Feather Plucking in Birds
Birds usually pluck their feathers to preen and groom themselves. Feather plucking becomes a serious behavioral disorder when the bird moderately overpreens or even self-mutilates its self.
There many causes for feather plucking disorder; they include:
- Disease like feather cyst
- Parasites like ringworm
- Allergies to environmental factors or food
- Emotional stress
- Liver disease
- Skin infections or inflammations
- Poisoning by heavy metals like zinc
- Metabolic disorders
- Dryness of the skin due to low humidity
- Dyes and preservatives in the food
- Disturbance in the normal light and dark cycles of the bird
- Lack of natural sunlight and fresh air
Birds that are overactive and overstimulated frequently pluck their feathers, as do birds that are bored. Such birds also show anxiety and aggressive behaviors. Anxiety can be caused by a lack of fresh air, lack of light, and a disturbance in the bird's circadian rhythm (a physiological 24-hour cycle). Another stressful situation occurs when the bird is moved from one place to another, or when there is a change in its habitual environment. Nevertheless, stress in any form can cause the bird to indulge in feather plucking.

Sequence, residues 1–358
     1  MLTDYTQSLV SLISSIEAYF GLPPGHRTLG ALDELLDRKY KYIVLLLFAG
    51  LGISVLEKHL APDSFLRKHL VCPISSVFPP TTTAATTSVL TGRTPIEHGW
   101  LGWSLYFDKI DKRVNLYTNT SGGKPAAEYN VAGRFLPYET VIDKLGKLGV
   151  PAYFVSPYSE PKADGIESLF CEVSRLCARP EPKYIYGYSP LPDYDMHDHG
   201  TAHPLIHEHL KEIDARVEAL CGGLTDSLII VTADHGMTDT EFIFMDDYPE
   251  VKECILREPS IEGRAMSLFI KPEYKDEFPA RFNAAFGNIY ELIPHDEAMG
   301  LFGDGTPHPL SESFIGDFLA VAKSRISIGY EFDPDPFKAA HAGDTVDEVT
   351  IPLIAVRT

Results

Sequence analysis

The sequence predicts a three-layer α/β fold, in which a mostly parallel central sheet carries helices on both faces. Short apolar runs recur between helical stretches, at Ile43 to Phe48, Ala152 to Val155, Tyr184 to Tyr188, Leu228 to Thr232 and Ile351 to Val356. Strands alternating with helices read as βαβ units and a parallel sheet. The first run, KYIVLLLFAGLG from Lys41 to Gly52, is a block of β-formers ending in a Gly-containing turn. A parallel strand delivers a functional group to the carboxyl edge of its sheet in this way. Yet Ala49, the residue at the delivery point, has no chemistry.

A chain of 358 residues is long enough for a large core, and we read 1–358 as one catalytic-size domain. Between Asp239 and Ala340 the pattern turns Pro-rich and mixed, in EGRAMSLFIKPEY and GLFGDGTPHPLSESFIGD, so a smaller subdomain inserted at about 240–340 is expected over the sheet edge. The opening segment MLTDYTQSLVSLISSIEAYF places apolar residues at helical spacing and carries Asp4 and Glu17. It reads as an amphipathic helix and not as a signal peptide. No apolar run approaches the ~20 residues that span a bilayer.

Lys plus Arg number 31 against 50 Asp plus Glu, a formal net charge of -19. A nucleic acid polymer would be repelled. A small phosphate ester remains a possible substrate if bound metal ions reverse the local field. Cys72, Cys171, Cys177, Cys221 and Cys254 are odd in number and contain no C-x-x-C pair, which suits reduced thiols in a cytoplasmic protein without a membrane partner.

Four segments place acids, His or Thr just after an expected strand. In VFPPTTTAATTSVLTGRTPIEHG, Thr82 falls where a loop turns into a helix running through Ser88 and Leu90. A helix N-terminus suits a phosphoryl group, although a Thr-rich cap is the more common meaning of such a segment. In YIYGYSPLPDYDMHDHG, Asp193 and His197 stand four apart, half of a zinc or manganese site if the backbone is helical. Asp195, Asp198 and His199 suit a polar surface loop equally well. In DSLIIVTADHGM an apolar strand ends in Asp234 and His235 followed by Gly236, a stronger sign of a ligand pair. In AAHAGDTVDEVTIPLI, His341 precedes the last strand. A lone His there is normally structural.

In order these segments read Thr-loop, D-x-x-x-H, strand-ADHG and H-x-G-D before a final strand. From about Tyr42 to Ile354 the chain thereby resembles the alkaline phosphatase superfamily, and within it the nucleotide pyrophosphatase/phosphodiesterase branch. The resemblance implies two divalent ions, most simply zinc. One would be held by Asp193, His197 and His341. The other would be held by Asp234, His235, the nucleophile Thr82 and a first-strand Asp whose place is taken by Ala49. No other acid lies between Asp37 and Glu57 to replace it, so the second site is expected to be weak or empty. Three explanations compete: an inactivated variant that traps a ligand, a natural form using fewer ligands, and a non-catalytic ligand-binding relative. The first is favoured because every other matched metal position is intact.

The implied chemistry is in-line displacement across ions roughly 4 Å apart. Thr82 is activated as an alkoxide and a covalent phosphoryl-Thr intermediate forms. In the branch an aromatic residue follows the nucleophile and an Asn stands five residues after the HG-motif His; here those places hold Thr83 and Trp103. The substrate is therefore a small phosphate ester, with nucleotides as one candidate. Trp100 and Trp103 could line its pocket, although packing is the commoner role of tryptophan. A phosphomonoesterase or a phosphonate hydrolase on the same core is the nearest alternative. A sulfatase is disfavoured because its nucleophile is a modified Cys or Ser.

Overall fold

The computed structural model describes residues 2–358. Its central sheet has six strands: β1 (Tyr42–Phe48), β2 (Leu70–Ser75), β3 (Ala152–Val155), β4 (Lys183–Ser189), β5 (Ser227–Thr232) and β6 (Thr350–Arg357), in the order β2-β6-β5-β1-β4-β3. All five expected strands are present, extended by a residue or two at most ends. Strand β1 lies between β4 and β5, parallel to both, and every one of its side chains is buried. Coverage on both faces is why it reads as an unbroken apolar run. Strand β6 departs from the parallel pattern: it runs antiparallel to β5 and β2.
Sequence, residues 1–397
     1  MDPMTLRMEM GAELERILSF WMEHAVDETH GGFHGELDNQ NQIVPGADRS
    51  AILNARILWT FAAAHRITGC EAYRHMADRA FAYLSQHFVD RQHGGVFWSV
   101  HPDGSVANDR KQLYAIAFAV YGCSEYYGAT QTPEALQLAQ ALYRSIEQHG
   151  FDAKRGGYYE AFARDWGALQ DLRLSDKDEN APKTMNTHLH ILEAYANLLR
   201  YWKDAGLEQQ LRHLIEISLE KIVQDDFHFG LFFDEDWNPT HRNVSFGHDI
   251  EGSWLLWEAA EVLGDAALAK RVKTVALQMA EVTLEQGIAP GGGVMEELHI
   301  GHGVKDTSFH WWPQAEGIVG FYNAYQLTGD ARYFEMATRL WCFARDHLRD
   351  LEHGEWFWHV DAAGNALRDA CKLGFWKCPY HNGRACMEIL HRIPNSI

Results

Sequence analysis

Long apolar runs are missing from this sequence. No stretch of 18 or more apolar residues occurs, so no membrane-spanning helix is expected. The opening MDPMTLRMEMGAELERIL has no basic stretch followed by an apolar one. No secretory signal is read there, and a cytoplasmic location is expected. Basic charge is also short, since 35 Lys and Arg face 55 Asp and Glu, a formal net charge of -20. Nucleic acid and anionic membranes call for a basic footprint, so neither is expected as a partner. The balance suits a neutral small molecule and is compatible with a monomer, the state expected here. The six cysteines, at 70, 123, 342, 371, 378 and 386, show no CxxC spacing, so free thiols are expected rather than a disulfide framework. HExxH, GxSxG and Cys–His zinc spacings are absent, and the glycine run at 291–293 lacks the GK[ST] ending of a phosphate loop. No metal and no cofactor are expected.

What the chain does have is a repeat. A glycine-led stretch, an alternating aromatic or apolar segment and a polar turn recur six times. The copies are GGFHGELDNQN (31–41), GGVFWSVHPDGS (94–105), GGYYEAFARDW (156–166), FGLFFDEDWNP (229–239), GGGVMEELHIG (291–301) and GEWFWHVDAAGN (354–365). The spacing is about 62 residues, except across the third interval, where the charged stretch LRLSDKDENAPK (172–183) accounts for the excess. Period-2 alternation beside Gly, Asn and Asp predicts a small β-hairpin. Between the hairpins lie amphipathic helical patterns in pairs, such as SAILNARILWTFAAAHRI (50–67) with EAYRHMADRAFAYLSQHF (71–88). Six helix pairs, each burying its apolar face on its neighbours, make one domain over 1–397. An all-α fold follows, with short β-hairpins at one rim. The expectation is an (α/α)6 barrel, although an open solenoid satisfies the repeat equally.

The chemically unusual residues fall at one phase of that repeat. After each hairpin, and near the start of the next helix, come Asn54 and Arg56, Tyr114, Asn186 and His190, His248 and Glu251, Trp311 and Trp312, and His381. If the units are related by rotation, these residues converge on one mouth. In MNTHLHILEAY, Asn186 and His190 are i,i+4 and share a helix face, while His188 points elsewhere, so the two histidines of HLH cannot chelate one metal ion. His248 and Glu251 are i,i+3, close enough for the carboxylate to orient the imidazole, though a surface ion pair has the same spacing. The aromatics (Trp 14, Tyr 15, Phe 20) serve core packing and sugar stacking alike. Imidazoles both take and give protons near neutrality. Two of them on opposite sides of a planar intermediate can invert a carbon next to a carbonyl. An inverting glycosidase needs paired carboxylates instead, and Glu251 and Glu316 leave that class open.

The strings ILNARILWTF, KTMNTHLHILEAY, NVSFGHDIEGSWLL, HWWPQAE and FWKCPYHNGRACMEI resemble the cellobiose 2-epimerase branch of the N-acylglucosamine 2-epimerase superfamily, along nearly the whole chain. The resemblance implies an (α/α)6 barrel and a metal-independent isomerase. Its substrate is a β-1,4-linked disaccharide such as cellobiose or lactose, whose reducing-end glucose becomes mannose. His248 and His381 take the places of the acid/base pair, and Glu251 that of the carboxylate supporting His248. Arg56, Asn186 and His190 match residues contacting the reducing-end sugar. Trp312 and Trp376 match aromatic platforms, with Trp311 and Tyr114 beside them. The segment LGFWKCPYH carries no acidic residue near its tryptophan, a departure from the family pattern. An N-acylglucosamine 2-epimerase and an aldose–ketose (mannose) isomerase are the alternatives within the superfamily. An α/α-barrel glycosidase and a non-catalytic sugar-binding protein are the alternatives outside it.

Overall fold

Insufficient diet also leads to skin and feather problems, which the bird tries to solve by feather plucking. Similarly, birds affected by internal or external parasites can resort to feather plucking due to discomfort.
Feather plucking can become a habit if it is not treated in time. Usually there is more than one underlying cause for the bird's feather plucking, and you need to explore and treat all of them with your veterinarian's help.
It is also important to keep your bird busy with toys, by using behavioral therapy techniques, or by changing its environment to reduce isolation. Omega fatty acids, when added to the diet, has also proved successful in reducing feather plucking.
One treatment alone cannot fully remedy feather plucking, it has to be a combination of different therapies. Also, medical treatment that is not followed by behavioral therapy will often result in your bird plucking its feathers once again.
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